SCMP takes front page back 42 years to promote shopping center

By Annie Wong

As Hong Kong’s very first luxury shopping destination, Landmark has always symbolised the people of Hong Kong’s quest for craftsmanship, perfection, and quality.

But the arrival of new shopping malls drove people to look for novelty and excitement in shopping experiences. Spontaneous awareness for Landmark remained low among its competitors.

The challenge for South China Morning Post was to create attention and to safeguard Landmark’s position as the iconic landmark and shopping destination that meant something to the generations of Hong Kongers.

To reflect Landmark Atrium’s 40 years of heritage with Hong Kong residents’ memories of the past 40 years by creating the “first newspapers that travelled through time” — vividly commemorating Hong Kong’s glorious days with the new generation of Hong Kongers and reconnecting the older generations with Landmark’s heritage. 

SCMP republished an authentic front page exactly 42 years ago, with past archives of Hong Kong and Landmark’s most important milestones printed in vintage newspapers, bringing our readers back into the ‘70s, offering a different perspective of Landmark, the icon of Central in this unprecedented wrapper.

We broke the rule for our newspapers’ most sacred space — the headers! So Hong Kong Land took its logos back in time and truly created the first newspapers that traveled through time. For the first time, a luxury brand’s print ad fully took over newspapers’ front page news with its brand stories and heritage that meaningfully evoked pride for its shoppers.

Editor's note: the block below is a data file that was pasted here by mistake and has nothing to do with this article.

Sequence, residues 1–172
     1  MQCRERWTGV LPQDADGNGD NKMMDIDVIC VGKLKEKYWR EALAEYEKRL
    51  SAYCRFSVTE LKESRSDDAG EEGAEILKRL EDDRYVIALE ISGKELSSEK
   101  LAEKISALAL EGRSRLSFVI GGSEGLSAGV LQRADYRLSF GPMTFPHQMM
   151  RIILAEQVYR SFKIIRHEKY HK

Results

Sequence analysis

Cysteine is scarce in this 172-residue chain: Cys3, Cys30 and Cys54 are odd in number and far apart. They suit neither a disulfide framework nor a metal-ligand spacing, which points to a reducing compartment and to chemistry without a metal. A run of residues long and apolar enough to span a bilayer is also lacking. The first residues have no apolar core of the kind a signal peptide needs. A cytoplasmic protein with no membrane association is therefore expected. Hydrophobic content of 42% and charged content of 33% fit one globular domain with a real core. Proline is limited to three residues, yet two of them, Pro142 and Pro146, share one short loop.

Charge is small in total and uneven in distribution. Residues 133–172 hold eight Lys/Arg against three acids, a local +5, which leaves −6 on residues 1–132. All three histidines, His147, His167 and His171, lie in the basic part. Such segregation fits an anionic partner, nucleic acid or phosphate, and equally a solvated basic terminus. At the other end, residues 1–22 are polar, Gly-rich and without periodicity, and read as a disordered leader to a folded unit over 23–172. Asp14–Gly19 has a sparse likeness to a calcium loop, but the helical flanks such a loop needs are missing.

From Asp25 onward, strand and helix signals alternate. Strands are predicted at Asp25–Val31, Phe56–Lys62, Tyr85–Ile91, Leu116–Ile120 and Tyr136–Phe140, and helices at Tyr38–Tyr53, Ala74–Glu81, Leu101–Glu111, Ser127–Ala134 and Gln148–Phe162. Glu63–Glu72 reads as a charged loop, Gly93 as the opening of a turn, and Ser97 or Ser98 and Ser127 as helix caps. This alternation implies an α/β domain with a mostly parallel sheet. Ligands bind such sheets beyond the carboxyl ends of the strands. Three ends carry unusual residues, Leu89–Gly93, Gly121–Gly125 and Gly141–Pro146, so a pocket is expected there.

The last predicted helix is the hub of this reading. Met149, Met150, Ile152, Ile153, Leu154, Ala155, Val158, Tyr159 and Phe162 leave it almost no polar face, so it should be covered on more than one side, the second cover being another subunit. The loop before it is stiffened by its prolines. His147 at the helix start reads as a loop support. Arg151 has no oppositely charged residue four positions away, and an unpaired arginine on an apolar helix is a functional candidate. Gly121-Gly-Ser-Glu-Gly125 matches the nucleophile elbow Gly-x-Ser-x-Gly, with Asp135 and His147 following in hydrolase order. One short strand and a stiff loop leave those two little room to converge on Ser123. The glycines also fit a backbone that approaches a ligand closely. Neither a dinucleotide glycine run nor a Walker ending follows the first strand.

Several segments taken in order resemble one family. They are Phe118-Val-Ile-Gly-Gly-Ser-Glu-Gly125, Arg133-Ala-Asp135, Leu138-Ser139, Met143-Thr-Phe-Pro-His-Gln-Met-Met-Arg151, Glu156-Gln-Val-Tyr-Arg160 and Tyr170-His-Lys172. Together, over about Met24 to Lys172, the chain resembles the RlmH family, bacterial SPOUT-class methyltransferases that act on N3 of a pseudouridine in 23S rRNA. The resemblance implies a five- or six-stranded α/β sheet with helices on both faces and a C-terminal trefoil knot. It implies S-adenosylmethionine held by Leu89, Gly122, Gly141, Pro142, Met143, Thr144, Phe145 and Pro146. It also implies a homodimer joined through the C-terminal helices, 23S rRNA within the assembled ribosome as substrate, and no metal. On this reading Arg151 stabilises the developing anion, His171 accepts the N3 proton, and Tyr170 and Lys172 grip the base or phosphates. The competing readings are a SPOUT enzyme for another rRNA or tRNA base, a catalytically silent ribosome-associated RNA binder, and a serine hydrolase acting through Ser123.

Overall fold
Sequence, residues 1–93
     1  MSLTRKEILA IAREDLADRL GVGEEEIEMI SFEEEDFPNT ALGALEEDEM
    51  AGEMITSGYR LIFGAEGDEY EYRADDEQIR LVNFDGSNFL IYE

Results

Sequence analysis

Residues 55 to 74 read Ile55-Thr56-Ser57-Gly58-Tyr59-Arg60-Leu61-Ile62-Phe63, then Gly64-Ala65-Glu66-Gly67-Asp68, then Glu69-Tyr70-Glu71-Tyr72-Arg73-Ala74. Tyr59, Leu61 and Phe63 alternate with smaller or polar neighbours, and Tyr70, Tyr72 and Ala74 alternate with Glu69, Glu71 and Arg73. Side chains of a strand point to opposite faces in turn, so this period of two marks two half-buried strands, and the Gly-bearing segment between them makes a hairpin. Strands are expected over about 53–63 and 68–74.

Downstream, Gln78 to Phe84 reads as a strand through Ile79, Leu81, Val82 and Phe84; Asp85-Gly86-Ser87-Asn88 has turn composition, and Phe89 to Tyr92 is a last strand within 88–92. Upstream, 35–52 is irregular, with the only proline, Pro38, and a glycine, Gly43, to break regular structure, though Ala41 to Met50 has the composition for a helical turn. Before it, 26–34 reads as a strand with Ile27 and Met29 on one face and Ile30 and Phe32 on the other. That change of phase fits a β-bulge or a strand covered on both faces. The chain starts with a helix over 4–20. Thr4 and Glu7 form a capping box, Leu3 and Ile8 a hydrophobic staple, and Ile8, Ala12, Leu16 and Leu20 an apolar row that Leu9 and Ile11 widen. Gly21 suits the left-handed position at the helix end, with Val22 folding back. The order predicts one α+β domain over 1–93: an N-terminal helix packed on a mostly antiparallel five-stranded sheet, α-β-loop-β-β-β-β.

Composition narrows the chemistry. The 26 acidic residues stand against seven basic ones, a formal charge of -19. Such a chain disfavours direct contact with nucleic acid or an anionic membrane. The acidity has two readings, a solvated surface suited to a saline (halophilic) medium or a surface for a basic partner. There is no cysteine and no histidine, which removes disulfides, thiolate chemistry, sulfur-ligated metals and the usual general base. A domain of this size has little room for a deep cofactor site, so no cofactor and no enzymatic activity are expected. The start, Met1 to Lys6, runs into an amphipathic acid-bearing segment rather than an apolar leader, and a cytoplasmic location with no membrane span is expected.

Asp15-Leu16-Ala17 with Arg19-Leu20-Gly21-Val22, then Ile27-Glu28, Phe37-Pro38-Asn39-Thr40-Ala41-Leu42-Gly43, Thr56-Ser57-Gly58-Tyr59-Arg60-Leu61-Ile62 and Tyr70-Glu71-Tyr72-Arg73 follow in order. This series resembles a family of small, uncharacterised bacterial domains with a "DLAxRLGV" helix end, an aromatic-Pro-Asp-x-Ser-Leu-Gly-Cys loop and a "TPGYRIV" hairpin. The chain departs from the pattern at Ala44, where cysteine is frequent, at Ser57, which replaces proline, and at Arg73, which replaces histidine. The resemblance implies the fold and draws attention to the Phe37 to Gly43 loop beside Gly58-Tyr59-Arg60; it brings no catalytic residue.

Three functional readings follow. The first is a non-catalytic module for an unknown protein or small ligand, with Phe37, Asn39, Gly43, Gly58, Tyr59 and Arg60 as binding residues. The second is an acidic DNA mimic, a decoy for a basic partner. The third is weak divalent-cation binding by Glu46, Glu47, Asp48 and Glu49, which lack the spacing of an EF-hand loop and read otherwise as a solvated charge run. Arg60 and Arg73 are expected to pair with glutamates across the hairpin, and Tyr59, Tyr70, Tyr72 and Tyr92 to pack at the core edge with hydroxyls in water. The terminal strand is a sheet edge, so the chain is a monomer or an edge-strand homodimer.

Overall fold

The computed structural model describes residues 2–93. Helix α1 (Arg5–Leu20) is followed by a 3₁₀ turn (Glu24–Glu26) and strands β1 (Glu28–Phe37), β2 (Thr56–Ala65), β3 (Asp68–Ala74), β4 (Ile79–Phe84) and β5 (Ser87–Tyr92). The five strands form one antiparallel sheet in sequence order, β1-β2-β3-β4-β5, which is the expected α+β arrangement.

In October, 2013, Landmark brought back fond memories and the stories traveled far beyond the print readership. Reader and local official comments included:

  • “The paper encapsulated the key milestones and memories of our society, provoking nostalgia.”

  • “The news is actually not as engaging as the ad …”

  • “It demonstrates that with good expertise, mutual trust and creative mind, HK’s print advertising is still blossoming.”

More than advertising, Landmark connected modern Hong Kong to that of earlier generations and created a sense of connection to its property, heritage, and community.

About Annie Wong

By continuing to browse or by clicking �I ACCEPT,� you agree to the storing of cookies on your device to enhance your site experience. To learn more about how we use cookies, please see our privacy policy.